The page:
Some homeowners get a little nervous when they entertain the idea of building a custom home. To them, the term custom is synonymous with higher cost. While there is some validity to that concern, there’s really a bigger question that homeowners should consider: What’s more important, cost or value?
Let’s be clear: the price you pay for your home does matter. You should set a realistic budget for your home and stick to it. But making sure you get maximum value for the money you spend is extremely important as well. That means spending your money on things that really matter. What are some of those things that matter?
- Your Location: You’ve heard real estate agents say it a hundred times: “Location, location, location.” They’re right! Where you build really does matter. Building in the right place adds value to your home and allows your home to retain value over years. You can build an expensive house in the wrong place and it just won’t hold its value.
- Your Design: Cookie-cutter homes simply cost less to build than a home that is custom designed. Generally speaking, however, they deliver less comfort and convenience than a home that’s specifically designed to your specifications. And while we offer a wide area of floor plans from which you can choose, as the homeowner, you can modify those plans to better suit your taste and needs—whether it’s expanding room size, changing locations of windows or doors, raising the ceiling level or making some other change.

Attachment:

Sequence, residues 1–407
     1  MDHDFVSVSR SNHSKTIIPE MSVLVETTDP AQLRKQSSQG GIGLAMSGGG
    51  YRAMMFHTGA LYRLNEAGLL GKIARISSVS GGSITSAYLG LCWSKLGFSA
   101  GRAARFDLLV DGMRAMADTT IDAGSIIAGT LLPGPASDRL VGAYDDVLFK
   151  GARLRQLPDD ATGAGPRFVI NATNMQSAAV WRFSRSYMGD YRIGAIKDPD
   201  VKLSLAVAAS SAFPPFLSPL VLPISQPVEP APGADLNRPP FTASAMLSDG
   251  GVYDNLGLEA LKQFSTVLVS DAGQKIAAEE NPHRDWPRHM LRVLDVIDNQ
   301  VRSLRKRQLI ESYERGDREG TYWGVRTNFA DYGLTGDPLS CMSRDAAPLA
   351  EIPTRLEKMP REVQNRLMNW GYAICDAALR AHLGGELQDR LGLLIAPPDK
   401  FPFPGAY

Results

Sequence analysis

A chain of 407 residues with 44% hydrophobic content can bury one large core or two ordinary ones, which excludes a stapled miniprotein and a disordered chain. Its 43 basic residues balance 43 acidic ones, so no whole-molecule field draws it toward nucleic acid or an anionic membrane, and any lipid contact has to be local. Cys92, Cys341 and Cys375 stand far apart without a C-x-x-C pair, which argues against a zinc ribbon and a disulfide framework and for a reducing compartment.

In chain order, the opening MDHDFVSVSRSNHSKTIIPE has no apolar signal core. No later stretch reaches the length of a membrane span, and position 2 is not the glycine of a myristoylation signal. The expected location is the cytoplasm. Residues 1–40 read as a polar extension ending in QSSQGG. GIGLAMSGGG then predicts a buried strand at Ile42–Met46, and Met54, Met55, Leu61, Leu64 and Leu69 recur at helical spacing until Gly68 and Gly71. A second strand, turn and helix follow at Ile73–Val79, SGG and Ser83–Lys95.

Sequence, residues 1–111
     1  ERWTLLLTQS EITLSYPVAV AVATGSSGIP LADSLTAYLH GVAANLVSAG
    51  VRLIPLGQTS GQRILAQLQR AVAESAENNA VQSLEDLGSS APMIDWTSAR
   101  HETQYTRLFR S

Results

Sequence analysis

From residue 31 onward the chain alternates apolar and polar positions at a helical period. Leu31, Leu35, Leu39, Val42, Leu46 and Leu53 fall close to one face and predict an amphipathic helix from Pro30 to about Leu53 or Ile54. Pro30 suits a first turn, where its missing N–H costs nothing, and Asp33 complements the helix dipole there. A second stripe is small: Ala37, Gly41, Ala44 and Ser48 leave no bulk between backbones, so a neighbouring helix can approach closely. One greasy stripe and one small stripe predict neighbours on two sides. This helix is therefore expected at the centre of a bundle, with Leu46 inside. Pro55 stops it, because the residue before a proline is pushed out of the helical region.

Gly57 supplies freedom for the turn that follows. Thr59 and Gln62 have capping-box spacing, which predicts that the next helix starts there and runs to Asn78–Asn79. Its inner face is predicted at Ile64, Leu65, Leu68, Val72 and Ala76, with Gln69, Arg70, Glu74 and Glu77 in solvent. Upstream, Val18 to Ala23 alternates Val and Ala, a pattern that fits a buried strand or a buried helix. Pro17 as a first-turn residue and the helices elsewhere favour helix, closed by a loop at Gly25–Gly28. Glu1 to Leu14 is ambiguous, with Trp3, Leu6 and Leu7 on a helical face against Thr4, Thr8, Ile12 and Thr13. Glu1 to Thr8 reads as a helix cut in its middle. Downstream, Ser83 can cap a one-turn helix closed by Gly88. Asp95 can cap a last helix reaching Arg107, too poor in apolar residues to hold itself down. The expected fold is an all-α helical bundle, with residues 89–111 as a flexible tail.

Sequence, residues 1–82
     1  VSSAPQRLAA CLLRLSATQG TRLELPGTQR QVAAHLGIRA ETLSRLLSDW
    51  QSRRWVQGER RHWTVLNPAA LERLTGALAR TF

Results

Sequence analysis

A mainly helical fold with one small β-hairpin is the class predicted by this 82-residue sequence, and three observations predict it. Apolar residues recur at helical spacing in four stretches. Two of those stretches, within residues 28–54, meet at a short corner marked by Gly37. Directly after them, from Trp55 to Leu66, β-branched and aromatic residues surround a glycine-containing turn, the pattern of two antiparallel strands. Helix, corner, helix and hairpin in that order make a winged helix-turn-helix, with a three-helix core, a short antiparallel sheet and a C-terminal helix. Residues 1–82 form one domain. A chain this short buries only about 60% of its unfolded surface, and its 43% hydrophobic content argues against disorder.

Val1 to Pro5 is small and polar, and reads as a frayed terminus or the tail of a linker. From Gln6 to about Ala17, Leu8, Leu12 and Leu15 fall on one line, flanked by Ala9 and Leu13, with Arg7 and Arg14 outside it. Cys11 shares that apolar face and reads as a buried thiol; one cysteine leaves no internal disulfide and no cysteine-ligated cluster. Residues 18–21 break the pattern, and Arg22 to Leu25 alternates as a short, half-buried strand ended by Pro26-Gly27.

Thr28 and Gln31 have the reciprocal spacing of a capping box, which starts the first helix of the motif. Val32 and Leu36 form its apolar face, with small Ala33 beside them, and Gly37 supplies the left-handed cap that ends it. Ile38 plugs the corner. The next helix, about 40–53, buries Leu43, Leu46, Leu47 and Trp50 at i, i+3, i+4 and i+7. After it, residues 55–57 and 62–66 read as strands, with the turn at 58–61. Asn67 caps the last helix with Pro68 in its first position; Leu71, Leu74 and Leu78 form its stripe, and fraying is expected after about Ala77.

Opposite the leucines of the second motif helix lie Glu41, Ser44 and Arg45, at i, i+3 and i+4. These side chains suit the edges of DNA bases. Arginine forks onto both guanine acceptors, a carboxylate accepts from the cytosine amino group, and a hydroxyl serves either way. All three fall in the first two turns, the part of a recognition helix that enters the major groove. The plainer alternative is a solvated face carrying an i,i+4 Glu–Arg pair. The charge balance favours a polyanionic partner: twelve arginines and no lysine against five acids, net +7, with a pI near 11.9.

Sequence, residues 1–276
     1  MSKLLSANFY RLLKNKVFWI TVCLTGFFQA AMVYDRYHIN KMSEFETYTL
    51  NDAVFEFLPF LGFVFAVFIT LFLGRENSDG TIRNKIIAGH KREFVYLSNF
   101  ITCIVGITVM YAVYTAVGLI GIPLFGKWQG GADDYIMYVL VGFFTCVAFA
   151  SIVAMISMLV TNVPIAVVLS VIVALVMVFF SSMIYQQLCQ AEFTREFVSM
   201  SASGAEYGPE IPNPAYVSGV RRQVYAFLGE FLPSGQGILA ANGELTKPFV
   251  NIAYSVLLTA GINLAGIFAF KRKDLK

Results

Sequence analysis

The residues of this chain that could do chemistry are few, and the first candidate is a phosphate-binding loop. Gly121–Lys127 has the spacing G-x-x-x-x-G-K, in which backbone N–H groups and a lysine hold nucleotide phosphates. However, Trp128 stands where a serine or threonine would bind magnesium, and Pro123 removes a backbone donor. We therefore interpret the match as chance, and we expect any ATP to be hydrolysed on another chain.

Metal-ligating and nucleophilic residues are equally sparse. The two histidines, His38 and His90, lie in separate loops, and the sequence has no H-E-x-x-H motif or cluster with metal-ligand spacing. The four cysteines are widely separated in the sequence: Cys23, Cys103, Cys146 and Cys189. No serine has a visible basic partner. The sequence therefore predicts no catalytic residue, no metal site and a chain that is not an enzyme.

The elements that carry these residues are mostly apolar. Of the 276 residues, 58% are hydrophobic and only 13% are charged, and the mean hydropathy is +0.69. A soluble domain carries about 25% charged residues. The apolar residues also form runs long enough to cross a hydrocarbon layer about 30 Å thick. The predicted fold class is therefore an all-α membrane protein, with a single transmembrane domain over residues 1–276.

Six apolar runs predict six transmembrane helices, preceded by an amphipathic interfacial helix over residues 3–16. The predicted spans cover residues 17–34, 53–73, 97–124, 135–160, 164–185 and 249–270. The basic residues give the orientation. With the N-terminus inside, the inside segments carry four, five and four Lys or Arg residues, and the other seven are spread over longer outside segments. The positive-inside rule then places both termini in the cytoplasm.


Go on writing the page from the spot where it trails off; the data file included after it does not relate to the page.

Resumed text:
- Materials and Craftsmanship: The materials that go into your home—and the people who install those materials—make a big difference in the quality of the result you get. This is one of those areas in building a home where, quite simply, you get what you pay for. Better materials in the hands of superior craftsmen yield a better product—and one that will last longer.
It’s also important to consider that just because you pay more doesn’t mean you’ll get more value. That’s particularly true with what some might consider “luxury” upgrades (fancy faucets, expensive trims, exotic materials, etc.). If you really want something like that in your home, if it will give you enjoyment and if it fits your budget, that’s fine. However, those kinds of upgrades don’t hold their value. The person buying your home later may have very different tastes and may not care that you spent extra for exotic flooring in the kitchen.
Building a custom home doesn’t have to mean spending more than you want on luxury items. What it really means is investing a bit more money to end up with a home that has more comfort, convenience, quality—and lasting value.